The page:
March 7, 2012
Students bring anti-turnaround message to PEP members
Wassem Albakka, a sophomore from Grady High School, tapes a poster of PEP member Linda Bryant to a fence near her Upper East Side office building. When student protesters came knocking on the front door of Eduardo Martí's office building this afternoon, the mayoral appointee to the Panel for Education Policy wasn't there. The same was true when they tried the offices of fellow appointees Linda Bryant and Judy Bergtraum. But the band of eight students, all from high schools the city has put up for closure, still used chants, drumming, and "wanted" posters with the panelists faces on them to leave them a message: that they should not vote to close their schools. A City University of New York official blocked the students from entering Martí's office on East 80th Street shortly before 3 p.m. But a receptionist listened patiently by phone as Diana Rodriguez, a senior at Grover Cleveland High School, read off a list of "crimes he is wanted for": "One, violation of civil rights: He approved 23 school closing affecting 10,000 students. He approved countless policies that have resulted in only 13 percent of Black and Latino students graduating ready for college," she said. "Two, breach of the public trust: He rubber stamped all of Mayor Bloomberg's proposals, against the will of parents, students and communities. Three, conflict of interest: He received funds from the mayor's administration while holding public office."
February 28, 2012
For opponents of mayoral control, fight starts with co-locations
District 3 CEC member Noah Gotbaum and Sonya Hampton, a parent from P.S./M.S. 149 and vocal charter school critic, lead chants against co-locations at rally. When the Bloomberg Administration threatened to shut down a school in Assemblyman Keith Wright’s district this year, Wright vowed to create legislation to repeal mayoral control of the schools. The city didn't go through with the closure, but Wright is making good on his word — at least to a degree — by introducing a bill that would chip away at one of the mayor's most controversial powers: the ability to install schools inside other schools' buildings. The bill would require elected parent councils known as Community Education Councils to approve any co-location proposal before it may go into effect. Co-location proposals often generate heated debate within districts, particularly when the city is proposing to move a charter school into a district building. The CECs regularly play a vocal role in opposing charter school co-locations within their district schools, but they have no power to stop them or any other co-location. Instead, the Panel for Educational Policy, which has never rejected a city proposal, must approve co-locations. Parents, politicians, advocacy groups and representatives of at least three CECs rallied infront of Department of Education headquarters this morning to show their support for Wright's bill, saying they hope it will pass because the CECs already must vote on zone lines within their districts. Co-locations were the only subject of today's rally; but according to Noah Gotbaum, a member of CEC for District 3, the CECs are hoping the co-location bill will be the first step toward legislation restricting the city's ability to close schools, and eventually leading to the outright end of mayoral control.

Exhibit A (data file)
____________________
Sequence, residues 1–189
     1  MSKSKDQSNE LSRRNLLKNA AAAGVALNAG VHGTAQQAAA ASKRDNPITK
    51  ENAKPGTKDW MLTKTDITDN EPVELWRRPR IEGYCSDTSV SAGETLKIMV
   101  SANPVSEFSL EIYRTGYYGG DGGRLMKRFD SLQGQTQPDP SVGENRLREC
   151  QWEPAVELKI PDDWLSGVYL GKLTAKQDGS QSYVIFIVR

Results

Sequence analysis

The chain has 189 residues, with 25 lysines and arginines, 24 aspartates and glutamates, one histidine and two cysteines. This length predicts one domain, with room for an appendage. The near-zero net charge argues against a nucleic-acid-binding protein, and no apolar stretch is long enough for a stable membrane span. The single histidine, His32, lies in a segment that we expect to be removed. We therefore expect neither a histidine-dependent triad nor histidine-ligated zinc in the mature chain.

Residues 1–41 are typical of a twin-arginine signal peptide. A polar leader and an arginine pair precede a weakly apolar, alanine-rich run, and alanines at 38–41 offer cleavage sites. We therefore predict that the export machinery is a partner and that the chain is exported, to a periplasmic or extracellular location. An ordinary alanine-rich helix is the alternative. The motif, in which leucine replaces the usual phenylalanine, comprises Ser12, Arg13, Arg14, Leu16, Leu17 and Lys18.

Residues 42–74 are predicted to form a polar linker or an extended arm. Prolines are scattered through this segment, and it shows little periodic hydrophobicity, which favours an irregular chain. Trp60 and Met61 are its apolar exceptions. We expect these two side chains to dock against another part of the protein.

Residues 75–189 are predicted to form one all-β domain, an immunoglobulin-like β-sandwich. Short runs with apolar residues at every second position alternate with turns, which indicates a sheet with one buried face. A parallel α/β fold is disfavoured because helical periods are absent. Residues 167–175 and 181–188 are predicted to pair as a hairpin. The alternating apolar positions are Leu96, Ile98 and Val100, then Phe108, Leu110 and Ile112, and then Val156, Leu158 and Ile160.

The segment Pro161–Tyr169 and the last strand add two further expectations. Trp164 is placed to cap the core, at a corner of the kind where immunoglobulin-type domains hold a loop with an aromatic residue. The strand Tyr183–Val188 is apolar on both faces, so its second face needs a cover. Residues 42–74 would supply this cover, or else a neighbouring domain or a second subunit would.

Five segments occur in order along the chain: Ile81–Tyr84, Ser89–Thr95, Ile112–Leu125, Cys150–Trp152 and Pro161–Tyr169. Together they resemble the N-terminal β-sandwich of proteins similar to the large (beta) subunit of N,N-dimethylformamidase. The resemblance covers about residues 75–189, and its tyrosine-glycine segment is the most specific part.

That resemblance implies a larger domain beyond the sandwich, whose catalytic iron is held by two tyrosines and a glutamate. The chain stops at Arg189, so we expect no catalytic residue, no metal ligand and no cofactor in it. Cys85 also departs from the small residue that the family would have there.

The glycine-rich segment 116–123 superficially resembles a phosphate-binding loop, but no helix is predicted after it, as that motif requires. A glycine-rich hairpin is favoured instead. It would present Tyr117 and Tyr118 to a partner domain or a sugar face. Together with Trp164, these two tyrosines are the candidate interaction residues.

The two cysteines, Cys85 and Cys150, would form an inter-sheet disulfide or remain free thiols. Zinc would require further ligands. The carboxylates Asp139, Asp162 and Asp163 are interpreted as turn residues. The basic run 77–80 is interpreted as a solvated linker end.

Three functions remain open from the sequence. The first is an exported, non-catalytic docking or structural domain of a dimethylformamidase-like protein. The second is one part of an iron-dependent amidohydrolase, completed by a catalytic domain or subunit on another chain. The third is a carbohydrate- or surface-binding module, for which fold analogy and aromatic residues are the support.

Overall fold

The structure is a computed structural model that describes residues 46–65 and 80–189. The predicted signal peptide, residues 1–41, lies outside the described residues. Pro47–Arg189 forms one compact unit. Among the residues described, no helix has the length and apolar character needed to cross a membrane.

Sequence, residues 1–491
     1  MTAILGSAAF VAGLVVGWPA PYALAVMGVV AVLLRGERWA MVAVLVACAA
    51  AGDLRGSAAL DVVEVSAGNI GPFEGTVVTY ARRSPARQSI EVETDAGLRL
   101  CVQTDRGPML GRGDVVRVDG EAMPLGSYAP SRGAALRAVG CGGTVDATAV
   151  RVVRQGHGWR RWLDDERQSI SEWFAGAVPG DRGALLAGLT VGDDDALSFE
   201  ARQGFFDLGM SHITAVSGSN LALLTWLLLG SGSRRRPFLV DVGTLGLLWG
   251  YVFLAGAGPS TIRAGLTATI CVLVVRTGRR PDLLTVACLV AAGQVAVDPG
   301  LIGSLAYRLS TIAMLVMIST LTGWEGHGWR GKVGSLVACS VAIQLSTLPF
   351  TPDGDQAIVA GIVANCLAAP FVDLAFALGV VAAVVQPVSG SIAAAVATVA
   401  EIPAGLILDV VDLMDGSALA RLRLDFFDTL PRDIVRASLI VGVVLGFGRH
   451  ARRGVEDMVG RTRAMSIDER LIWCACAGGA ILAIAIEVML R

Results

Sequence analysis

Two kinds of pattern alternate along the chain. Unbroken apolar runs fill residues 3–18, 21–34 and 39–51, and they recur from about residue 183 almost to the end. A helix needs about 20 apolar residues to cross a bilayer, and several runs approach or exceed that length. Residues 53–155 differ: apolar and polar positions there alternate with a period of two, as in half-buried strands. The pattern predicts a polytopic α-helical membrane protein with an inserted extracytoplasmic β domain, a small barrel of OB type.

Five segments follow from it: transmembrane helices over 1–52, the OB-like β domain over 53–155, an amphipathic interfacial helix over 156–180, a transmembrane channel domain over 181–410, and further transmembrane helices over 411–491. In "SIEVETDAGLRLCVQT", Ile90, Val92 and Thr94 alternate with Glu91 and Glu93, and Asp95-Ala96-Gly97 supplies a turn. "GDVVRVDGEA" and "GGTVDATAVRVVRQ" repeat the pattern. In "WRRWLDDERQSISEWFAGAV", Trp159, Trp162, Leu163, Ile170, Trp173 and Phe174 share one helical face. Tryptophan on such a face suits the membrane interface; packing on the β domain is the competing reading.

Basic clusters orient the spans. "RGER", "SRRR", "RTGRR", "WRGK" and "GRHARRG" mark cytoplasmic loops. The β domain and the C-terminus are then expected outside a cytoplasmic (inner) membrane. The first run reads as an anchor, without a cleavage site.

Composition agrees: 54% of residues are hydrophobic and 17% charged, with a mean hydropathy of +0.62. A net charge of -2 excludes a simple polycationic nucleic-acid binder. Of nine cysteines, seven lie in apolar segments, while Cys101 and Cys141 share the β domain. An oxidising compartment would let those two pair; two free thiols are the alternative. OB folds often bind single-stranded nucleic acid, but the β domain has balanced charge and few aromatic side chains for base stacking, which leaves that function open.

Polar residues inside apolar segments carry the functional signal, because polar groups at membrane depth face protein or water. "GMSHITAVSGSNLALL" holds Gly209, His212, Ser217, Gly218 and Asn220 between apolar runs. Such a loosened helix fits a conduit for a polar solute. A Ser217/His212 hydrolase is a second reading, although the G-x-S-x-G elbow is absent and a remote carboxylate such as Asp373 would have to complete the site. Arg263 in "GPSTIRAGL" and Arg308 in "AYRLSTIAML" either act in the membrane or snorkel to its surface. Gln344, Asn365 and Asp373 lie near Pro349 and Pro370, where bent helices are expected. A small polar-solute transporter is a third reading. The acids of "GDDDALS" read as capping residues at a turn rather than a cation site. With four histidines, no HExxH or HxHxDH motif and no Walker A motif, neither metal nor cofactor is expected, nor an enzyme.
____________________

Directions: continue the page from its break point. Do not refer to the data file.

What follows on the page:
January 3, 2012
Advocates try to preempt Cuomo with State of Schools address
Advocates are trying to preempt Gov. Andrew Cuomo's State of the State address with a seven-minute "State of the Schools" speech of their own. The Alliance for Quality Education, an advocacy group that Cuomo's office has disparaged in the past, released their address by YouTube video today.
December 6, 2011
Tax code changes could mitigate against school budget cuts
It's not the millionaire's tax that some parents have pushed for, but it's something. Gov. Andrew Cuomo announced today that he would overhaul the state's tax code to reduce the tax rate on middle-income earners and increase taxes on the highest earners. Cuomo estimates that the changes will add $2 billion a year to the state's coffers — funds that can go to schools and other public services. UFT President Michael Mulgrew was among the chorus of people who quickly signaled their support for the proposal. He called the plan "a wide-ranging solution to the state's budget problems" and said it would "help ensure that children in our public schools will begin to see restorations from the devastating education cuts of recent years.” But a separate tax on high earners known as the millionaire's tax, which Cuomo has vowed not to renew when it expires at the end of the month, has generated significantly more, about $4 billion a year. That means the state is still facing a funding shortfall of as much as $1.5 billion, and schools are likely to feel continued budget pressure.